BISMARCK, North Dakota — The state Agriculture Department has urged North Dakotans who buy plants from nurseries to check for Japanese beetles, and wants volunteers to help place traps around the state.
The beetles feast on everything from rose bushes to corn and soybean crops. They're about half an inch long, and metallic green with bronze wing covers. They were first found in Burleigh County in 2001. They turned up again in North Dakota in 2012 and have been found in the state every year since.
Officials don't believe large numbers of the pest are yet in the state and want to keep it that way, Agriculture Commissioner Doug Goehring said.
"They have a voracious appetite, so when they start on a plant they can defoliate it," he said. "When you think about how they can attack a soybean plant and start to defoliate it, imagine if you end up with thousands of them in a field or you end up with 100 of them in your own little garden."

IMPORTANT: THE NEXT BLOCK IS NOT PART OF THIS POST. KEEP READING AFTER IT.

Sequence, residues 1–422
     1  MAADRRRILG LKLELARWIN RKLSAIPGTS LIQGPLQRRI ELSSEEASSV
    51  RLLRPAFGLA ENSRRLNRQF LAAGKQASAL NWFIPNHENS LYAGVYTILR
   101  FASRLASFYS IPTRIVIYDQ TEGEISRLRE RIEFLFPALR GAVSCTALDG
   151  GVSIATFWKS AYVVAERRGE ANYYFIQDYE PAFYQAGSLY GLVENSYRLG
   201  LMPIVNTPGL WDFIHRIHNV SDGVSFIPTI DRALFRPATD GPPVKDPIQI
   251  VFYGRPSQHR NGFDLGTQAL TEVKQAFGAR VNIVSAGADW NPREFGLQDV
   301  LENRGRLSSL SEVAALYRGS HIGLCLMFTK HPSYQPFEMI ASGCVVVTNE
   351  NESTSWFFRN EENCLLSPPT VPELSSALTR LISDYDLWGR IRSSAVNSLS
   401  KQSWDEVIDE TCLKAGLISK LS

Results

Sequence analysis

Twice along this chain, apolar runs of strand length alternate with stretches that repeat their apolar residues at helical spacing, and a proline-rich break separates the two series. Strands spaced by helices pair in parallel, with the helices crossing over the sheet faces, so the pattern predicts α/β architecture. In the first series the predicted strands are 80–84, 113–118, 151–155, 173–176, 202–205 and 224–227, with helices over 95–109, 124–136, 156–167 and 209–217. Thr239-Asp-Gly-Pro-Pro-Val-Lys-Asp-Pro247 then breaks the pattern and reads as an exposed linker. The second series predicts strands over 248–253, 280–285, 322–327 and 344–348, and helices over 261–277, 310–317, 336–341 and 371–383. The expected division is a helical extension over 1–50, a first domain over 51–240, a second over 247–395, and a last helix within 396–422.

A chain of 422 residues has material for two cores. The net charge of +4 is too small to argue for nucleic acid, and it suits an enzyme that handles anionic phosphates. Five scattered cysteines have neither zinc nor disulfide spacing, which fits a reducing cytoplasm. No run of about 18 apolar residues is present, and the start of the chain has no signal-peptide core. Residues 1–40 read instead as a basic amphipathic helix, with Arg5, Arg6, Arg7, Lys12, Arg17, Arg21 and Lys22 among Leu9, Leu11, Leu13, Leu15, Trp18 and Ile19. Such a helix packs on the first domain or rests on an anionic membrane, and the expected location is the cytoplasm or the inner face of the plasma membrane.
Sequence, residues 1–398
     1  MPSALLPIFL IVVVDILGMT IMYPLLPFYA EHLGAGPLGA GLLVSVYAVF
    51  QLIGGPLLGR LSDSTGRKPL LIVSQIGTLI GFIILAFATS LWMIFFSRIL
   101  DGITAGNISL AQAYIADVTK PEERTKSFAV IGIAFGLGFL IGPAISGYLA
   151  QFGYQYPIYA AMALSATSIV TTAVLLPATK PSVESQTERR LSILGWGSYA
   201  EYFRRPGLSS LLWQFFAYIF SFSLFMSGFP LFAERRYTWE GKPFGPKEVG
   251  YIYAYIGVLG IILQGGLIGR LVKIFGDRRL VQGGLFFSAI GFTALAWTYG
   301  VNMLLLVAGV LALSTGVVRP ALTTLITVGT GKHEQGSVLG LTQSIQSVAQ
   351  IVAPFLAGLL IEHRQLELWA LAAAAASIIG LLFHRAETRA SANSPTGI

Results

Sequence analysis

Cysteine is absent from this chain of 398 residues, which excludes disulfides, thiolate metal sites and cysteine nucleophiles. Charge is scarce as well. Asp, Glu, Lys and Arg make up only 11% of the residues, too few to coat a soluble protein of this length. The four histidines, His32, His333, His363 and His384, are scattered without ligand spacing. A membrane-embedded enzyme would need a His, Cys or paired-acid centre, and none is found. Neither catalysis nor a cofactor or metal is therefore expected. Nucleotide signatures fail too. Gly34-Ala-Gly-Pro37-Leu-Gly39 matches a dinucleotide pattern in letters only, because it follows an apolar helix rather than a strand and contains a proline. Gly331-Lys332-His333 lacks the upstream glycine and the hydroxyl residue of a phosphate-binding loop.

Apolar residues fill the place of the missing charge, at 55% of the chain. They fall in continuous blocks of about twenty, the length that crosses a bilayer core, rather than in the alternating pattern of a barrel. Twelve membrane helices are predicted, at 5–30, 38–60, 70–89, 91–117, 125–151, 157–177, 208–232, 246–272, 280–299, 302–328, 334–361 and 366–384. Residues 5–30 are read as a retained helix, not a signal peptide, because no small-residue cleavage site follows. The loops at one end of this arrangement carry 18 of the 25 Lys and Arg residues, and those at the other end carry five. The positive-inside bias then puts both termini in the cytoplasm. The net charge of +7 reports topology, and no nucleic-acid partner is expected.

Japanese beetles were first found in the U.S. in 1916. They have since spread to every state east of the Mississippi River, as well as to Minnesota, the Dakotas and Montana. They cause hundreds of millions of dollars in damage in the country annually.
"If you have purchased shrubs, trees or flowers this year, please inspect the plants carefully and remove and kill any Japanese beetles you find," Goehring said.
The Agriculture Department plans to put about 1,900 beetle traps across the state — at least 25 in each county — to survey for the pests.
Volunteering information: http://www.nd.gov/ndda/pest/japanese-beetle
Beetle information: http://www.ag.ndsu.edu/pubs/plantsci/pests/e1631.pdf